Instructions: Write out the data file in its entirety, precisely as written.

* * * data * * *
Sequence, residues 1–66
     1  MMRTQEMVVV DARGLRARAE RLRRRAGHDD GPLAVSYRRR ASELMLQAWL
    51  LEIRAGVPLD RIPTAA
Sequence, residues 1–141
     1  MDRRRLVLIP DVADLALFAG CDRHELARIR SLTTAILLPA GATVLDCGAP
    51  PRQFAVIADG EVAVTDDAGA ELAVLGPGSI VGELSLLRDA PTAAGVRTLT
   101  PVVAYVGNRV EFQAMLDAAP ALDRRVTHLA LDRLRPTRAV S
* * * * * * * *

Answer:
Sequence, residues 1–66
     1  MMRTQEMVVV DARGLRARAE RLRRRAGHDD GPLAVSYRRR ASELMLQAWL
    51  LEIRAGVPLD RIPTAA
Sequence, residues 1–141
     1  MDRRRLVLIP DVADLALFAG CDRHELARIR SLTTAILLPA GATVLDCGAP
    51  PRQFAVIADG EVAVTDDAGA ELAVLGPGSI VGELSLLRDA PTAAGVRTLT
   101  PVVAYVGNRV EFQAMLDAAP ALDRRVTHLA LDRLRPTRAV S